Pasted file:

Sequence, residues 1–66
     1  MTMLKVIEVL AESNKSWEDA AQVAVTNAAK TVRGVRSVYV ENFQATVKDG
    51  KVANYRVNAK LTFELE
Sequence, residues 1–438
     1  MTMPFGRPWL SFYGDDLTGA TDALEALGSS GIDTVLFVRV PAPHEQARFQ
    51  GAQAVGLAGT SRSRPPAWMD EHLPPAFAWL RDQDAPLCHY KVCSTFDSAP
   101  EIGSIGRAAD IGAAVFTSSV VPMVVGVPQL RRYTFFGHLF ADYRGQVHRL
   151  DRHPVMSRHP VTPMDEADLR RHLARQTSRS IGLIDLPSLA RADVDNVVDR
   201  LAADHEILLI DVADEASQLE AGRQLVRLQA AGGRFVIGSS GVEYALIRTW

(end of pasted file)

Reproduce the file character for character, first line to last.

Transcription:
Sequence, residues 1–66
     1  MTMLKVIEVL AESNKSWEDA AQVAVTNAAK TVRGVRSVYV ENFQATVKDG
    51  KVANYRVNAK LTFELE
Sequence, residues 1–438
     1  MTMPFGRPWL SFYGDDLTGA TDALEALGSS GIDTVLFVRV PAPHEQARFQ
    51  GAQAVGLAGT SRSRPPAWMD EHLPPAFAWL RDQDAPLCHY KVCSTFDSAP
   101  EIGSIGRAAD IGAAVFTSSV VPMVVGVPQL RRYTFFGHLF ADYRGQVHRL
   151  DRHPVMSRHP VTPMDEADLR RHLARQTSRS IGLIDLPSLA RADVDNVVDR
   201  LAADHEILLI DVADEASQLE AGRQLVRLQA AGGRFVIGSS GVEYALIRTW